State of Kent's Nature
The State of Kent’s Wildlife report 2011 was prepared by Kent natural historians to give an outline of the changing fortunes of Kent’s wild plants and animals over the last century. It was intended to provide a context for, and to inform, on-going action to protect and restore the county’s wildlife and wild places.
In 2020, Kent Wildlife Trust were commissioned to update this report to a new and refreshed perspective of how biodiversity is faring. Kent’s Conservation Landscape Tool is being used to capture your organisations informationr for this report (more information below).
The new report will:
- Provide a reporting mechanism for the new Kent Biodiversity Strategy
- Build on the existing evidence base by drawing together information on the area of land managed positively for wildlife and the status of species.
- Provide a mechanism for demonstrating collective action for nature, within the KNP and beyond.
- Deliver a stronger evidence base that will provide an enhanced mechanism for representing the environment in decision making and risk management.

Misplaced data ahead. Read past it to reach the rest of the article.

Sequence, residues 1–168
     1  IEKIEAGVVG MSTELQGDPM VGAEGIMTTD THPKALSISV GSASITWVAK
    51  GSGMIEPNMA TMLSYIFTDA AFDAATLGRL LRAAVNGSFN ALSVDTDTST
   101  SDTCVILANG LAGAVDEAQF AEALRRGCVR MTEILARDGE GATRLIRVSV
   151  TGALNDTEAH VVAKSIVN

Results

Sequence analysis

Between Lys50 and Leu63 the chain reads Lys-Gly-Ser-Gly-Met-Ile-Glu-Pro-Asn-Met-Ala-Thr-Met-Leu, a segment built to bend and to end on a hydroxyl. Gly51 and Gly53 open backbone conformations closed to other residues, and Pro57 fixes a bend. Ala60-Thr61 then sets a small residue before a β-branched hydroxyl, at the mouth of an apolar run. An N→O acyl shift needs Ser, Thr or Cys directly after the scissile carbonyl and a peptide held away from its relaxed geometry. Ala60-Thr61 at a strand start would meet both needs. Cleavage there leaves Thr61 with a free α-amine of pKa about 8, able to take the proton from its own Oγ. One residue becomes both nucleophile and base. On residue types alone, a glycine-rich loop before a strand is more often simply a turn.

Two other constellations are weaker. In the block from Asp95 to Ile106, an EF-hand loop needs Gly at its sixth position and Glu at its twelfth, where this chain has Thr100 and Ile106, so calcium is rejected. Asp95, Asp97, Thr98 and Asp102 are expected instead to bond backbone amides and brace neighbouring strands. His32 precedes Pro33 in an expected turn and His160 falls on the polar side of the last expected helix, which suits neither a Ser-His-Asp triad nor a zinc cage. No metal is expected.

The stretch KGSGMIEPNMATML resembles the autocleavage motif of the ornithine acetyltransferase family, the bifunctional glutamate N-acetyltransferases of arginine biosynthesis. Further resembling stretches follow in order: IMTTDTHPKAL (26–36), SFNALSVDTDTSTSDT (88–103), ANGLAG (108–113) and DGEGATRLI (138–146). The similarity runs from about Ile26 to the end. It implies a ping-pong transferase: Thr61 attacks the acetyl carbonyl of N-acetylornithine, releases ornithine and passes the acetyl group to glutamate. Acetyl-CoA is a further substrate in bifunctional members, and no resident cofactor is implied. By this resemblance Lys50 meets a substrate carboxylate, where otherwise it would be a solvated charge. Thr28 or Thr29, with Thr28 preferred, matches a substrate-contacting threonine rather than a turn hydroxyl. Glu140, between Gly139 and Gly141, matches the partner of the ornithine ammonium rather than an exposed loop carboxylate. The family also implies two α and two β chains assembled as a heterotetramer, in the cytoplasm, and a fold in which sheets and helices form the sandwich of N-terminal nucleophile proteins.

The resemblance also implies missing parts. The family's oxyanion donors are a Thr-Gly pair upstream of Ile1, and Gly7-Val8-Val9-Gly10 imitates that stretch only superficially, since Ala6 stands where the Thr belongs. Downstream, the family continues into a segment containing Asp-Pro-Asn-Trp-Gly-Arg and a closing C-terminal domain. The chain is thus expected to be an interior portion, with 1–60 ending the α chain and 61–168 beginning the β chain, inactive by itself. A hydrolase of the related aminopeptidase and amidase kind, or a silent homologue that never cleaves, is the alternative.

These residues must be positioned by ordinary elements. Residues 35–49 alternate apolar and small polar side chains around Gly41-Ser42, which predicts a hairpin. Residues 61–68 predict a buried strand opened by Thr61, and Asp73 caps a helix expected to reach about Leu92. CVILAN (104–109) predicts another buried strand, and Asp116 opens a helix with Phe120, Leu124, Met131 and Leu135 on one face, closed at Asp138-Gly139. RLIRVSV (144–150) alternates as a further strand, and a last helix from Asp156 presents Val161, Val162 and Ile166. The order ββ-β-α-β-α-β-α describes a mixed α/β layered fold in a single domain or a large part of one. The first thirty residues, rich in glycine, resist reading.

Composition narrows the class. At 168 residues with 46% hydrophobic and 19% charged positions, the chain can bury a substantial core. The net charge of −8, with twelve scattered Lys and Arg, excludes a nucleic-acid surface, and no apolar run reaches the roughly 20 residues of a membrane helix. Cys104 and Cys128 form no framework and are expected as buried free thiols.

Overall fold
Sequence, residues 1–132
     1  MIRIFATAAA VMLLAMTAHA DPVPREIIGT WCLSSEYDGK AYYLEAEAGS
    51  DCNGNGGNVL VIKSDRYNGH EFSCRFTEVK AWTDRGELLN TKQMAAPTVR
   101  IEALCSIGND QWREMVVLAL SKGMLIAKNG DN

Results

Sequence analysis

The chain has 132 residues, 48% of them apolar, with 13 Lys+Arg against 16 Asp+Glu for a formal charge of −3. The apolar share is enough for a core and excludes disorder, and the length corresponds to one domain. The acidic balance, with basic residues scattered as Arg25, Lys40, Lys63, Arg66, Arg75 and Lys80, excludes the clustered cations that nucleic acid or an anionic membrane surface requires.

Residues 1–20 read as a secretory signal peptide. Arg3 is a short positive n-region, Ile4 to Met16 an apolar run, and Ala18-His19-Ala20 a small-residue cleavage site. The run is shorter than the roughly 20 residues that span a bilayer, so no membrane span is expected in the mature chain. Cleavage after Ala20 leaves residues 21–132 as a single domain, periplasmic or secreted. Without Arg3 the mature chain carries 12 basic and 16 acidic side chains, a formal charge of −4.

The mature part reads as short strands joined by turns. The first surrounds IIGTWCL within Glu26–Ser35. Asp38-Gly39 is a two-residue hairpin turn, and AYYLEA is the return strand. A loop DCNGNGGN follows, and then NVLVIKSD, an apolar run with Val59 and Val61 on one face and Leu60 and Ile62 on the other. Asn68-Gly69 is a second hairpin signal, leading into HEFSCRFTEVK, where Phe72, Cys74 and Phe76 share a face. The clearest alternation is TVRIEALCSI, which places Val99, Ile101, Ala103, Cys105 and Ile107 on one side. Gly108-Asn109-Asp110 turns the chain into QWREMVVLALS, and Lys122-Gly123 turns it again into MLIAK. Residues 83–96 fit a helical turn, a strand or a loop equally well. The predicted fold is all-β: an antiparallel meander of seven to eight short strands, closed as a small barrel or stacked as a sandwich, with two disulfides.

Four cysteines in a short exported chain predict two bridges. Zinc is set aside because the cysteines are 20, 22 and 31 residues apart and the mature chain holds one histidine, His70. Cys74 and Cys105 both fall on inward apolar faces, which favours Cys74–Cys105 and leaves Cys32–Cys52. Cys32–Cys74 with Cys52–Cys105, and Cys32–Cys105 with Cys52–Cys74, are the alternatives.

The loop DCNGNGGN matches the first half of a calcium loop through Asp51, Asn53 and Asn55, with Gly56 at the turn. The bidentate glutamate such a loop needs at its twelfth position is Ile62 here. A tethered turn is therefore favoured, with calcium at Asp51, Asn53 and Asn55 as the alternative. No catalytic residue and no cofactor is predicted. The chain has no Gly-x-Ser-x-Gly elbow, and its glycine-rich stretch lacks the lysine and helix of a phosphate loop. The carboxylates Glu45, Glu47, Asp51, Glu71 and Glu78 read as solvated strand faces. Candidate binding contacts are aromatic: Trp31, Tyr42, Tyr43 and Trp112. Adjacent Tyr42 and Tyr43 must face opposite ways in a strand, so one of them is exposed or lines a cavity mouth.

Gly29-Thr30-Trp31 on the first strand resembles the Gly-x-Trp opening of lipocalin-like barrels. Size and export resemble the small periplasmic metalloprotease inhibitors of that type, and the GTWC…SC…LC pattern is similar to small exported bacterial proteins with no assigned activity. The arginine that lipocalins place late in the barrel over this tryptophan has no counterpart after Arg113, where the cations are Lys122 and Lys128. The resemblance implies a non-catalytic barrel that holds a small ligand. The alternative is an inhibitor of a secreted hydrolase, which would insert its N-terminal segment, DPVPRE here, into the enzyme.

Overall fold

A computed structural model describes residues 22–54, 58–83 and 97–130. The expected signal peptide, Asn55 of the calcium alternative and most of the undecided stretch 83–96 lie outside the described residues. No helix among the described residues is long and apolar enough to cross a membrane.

- Strengthen the basis for advocacy and funding.
- Look to align better (where possible) with regional reporting, such as the national State of Nature report.
- Look to develop an ongoing monitoring framework that provides better trend evidence.
The project commenced in September and will publish its findings in the summer of 2021.
Background on Kent’s Conservation Landscape Tool:
This allows anyone to view the patchwork of projects currently underway across the county and aims to enable those delivering these projects to better understand what kindred organisations are currently working on, as well as highlighting future opportunities for collaboration. It also allows the area of land in Kent and Medway managed positively for wildlife to be measured and reported. It will allow better informed reporting against targets in the Kent Biodiversity Strategy, the Kent Environment Strategy and other monitoring such as KCC’s Single Data List 160 reporting and the State of Nature in Kent report.